Very interesting question. I am not 100% sure, but regardless of whether the lens is round or rectangular, the image produced should still be in the form of a circle (thus the term "image circle" of the lens). It's also easier to attach round filters to round lenses, and round focussing rings as well.
I am not an optical design engineer, but here are my guesses:
1. Circular lenses are the easiest to design and manufacture.
2. If the lens need to be rotated during operation, such as focusing and zooming, then circular design makes more sense.
3. Even if focus and zoom mechanisms can be designed to work by shifting the lens elements without rotating them, the mechanism will most likely be bulky, costly and difficult to manufacture.
4. If you want a point of light source that is out of focus to form a circular blurr spot on the film, then the aperture has to be circular. The surfaces on the lens elements that light actually passes through would then, I guess, be circular. Each rectangular lens element must then be larger than the circular area that light passes through. To acheive the same optical performance as any circular design, the rectangular lens muct then be larger, than the circular design. This is just like adding corners to a circle, and the added area is just waste material. (Imagine the bokeh of a lens with a square aperture, wonder how it would be like?)
Just my guess. Hope Ian can shed some light on this topic.
I believe the lens is first manufactured as a circular lens, then grinded to the rectangular shape for eye glasses. The optical system is quite different between a human eye with glasses vs a piece of film with the lens assembley to form an image on the film.
From both a design view a circular lens is the least complex shape to work with, as if the lens is accurately made (approx 1/2 wavelength of white light or better) then the lens will show equal levels of chromatic and other abberations regardless of how the lens is rotated around it's optical axis.
Camera lenses by their very nature tend to have at least one moving lens element and in many lens barrel designs this element rotates while moving, thus requiring the use of a circular element. Also assembly is easier with circular elements as the manufacturer can use round threaded bushings to hold lens elements at their correct spacings and the orientation of the element when placed against the bushing or housing is immaterial.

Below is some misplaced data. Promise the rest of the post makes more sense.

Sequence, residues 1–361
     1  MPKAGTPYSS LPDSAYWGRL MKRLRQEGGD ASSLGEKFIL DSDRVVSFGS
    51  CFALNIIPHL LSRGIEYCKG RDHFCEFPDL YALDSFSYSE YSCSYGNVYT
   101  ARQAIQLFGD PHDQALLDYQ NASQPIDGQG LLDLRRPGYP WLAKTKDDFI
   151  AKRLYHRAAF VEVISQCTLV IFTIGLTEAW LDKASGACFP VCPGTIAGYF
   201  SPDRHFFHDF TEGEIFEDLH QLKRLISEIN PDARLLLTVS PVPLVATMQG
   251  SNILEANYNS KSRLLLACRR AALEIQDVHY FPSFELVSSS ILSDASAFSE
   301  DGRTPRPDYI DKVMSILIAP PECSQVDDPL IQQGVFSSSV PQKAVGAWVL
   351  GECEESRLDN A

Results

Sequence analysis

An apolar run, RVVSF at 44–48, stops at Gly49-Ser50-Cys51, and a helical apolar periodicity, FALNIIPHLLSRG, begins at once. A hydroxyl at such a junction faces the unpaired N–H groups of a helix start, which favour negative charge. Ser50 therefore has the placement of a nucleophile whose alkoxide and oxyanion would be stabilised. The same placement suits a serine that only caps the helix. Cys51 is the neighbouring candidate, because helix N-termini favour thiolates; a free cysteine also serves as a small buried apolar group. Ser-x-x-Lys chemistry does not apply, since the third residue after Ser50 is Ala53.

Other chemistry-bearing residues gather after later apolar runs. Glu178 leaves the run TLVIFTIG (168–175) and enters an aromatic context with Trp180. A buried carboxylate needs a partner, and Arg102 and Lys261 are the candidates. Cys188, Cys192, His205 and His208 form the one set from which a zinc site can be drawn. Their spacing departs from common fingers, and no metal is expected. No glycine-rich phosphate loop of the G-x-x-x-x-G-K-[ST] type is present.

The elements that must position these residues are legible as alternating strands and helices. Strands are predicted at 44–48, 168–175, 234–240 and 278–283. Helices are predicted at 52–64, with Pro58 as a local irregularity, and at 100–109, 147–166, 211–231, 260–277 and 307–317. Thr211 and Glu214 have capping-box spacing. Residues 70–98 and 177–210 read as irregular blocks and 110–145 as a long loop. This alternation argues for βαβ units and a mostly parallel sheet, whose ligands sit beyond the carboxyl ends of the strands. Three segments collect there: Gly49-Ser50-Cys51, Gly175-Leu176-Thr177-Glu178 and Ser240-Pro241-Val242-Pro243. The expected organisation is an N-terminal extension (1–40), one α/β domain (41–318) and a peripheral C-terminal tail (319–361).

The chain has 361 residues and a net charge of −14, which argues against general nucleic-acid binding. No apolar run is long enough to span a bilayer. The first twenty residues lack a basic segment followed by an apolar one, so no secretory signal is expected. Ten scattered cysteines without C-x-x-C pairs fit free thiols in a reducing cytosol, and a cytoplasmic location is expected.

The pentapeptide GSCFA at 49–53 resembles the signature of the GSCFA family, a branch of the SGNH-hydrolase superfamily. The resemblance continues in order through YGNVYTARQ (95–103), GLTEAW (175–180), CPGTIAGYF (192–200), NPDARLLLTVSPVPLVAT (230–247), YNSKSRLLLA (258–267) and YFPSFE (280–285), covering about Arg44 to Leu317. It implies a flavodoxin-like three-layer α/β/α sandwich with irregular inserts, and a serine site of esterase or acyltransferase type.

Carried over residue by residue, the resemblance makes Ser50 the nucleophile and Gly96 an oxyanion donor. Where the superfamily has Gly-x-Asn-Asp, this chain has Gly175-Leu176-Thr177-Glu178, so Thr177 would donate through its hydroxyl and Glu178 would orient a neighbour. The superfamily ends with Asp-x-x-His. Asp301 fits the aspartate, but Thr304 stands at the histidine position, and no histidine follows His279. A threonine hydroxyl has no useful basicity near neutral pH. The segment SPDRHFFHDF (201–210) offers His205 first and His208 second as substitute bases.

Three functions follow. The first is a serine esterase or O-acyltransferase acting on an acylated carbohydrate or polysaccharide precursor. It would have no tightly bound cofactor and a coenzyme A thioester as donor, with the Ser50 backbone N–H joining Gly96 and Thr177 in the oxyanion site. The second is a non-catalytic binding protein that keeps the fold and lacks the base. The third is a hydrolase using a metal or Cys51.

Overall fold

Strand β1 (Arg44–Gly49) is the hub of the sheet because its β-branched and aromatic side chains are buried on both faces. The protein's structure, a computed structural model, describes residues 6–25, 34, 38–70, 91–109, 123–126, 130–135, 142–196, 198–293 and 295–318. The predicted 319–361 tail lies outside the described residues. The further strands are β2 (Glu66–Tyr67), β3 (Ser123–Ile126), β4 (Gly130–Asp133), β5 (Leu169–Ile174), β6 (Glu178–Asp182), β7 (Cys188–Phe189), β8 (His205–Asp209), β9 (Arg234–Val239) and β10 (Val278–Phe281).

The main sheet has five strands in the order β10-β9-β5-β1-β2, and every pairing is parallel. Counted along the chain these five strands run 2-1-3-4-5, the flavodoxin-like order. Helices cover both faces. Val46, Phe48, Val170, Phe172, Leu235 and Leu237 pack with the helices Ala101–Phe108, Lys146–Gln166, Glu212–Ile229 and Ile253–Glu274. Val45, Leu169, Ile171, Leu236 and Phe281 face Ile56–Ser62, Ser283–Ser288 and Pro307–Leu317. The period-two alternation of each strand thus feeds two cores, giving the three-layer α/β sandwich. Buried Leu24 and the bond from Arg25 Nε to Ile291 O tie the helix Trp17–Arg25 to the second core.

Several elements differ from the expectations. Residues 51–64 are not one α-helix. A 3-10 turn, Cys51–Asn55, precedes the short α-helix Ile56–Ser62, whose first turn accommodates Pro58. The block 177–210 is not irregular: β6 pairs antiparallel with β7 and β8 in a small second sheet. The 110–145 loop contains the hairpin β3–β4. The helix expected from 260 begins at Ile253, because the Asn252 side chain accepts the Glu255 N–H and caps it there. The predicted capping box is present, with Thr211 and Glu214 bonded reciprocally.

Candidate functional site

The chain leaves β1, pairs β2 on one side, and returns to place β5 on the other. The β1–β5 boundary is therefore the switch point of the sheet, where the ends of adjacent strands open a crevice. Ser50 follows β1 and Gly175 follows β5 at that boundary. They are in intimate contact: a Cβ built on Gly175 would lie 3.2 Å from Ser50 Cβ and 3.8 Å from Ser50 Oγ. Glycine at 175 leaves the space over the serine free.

Rectangular lenses can be made by using two basic technologies, moulding and cutting a circular lens to shape. (see below for info on how glasses are made).
Rectangular and square lens elements often have some pretty nasty chromatic abberations near the edges along with coma and other fun things that wreak havoc on image quality.
Spectacle lenses (rectangular/square and strange shapes) are cut to shape by the folks at the optometerist on a lens shaping machine, which is essentially a cam following grinder.
In the case of sunglasses that are mass produced the lenses are injection moulded plastic in most cases.
It should be noted that in the case of Maksutov and Schmidt Cassegrain designs often used in "Mirror" or compound lenses that the on axis placement of the lens elements is critical to the system performance.
Added Sat 15/06/02
I forgot to mention that rectangular or square lenses have real problems in being mounted accurately as well. While they are fine for low end visual use magnifying glasses they are not exceptional. High end optical systems employing such as some tank periscopes that have rectangular elements cost a bomb .. eg: 1000-3000 USD per lens element.